Open Plan Offices : Appropriate for Your Company?

Huge open space offices, desks spread throughout a big room, staff from different departments all together, office equipment available for all colleagues… These are the new characteristics of offices that you see more and more nowadays.  Why is open space so common today? Is it really as efficient as it is said to be? If so, why? That’s what we are going to discover in this article.

Let’s talk about the advantages.  First of all, this way of working considerably improves communication between colleagues. Indeed, information can be exchanged easily; for example, by asking a colleague for additional explanations or by sharing an opinion. Moreover, as you are continually in contact with colleagues, you are always aware of new developments and you are kept informed about how different projects are evolving. In this way, you can be more reactive in certain situations. The third advantage is the convivial atmosphere. By working together, a group dynamic is created, which encourages efficiency and teamwork. The open space is also more cost-efficient when it comes to using a work floor to its maximum. 

Despite all the positive aspects, there are, nevertheless, some disadvantages. The first is the lack of privacy. Indeed, colleagues can see and hear everything. Anyone can see your computer screen or hear you when you are on a private phone call. This can result in a feeling of being “watched” by your colleagues.  Another drawback is the noise. In such an environment, you can hear colleagues’ conversations, phones ringing, colleagues laughing or shouting to one another across the office… This can affect your concentration.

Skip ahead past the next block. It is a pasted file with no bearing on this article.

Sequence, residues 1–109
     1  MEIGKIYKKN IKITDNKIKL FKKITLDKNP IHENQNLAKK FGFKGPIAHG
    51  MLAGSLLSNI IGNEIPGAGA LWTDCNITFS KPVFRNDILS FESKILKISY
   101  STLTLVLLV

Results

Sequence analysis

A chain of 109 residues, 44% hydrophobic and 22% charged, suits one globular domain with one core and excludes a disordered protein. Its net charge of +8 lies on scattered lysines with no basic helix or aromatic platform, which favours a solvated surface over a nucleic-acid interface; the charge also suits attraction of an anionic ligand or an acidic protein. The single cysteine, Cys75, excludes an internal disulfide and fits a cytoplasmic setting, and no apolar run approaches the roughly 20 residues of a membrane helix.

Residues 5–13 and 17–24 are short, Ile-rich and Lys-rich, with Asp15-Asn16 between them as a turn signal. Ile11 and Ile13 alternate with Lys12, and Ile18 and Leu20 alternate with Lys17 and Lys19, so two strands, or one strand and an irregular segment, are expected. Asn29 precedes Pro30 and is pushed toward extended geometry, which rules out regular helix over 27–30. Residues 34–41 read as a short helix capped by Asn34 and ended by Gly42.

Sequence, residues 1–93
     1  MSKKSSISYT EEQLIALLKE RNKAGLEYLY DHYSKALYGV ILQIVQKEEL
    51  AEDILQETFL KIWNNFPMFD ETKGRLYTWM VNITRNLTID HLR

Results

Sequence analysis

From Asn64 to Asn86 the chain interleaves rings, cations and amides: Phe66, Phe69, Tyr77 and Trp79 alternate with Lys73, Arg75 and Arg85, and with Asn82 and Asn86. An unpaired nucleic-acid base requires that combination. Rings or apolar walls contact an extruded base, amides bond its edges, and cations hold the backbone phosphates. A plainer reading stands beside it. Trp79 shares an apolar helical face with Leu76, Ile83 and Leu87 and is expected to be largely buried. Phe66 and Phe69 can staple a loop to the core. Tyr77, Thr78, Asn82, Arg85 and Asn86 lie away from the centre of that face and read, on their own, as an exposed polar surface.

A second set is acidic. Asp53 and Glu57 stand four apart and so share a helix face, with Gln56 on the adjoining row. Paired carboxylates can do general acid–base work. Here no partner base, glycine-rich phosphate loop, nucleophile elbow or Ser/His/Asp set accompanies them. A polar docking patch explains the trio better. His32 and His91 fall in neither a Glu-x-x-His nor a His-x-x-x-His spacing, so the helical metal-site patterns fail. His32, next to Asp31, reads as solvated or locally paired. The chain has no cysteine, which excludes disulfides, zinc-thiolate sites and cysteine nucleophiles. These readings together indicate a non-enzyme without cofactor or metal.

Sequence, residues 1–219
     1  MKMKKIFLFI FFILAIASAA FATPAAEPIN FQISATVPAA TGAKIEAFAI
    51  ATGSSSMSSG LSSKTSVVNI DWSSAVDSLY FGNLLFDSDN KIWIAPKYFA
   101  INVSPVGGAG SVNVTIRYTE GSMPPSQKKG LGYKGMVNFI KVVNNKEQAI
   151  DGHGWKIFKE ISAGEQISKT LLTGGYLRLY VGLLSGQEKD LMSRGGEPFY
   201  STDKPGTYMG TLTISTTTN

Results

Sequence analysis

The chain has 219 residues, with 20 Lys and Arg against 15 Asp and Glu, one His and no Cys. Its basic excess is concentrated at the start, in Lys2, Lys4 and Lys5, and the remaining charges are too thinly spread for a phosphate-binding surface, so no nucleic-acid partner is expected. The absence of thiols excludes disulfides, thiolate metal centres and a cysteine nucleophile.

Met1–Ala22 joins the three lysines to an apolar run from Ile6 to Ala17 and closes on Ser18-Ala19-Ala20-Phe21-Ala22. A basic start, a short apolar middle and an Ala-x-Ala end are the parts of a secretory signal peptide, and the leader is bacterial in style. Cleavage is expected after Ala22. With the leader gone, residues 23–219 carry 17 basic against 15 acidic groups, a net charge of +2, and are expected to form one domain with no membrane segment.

For my part, I believe that working in an open plan office is appropriate, depending on the activity or the department of the company. Some examples: consultancy offices or recruitment agencies, a customer service department, press groups or insurances. In these sectors, interaction between colleagues is crucial in order to optimise exchange of information.  Open space environments should, however, meet some basic characteristics to be efficient: the spaces should be partly partitioned, allowing team members to add a personal touch, for example, pictures or plants. The possibility to have separate, one-to-one meetings must be available.  Finally, this environment requires some discipline and, in order to uphold a harmonious team atmosphere, it may be necessary to make certain compromises. When you work in an open space office, it is, in my view, essential to adapt to your colleagues to ensure that you maintain a good relationship with the people you see and speak to every day. 

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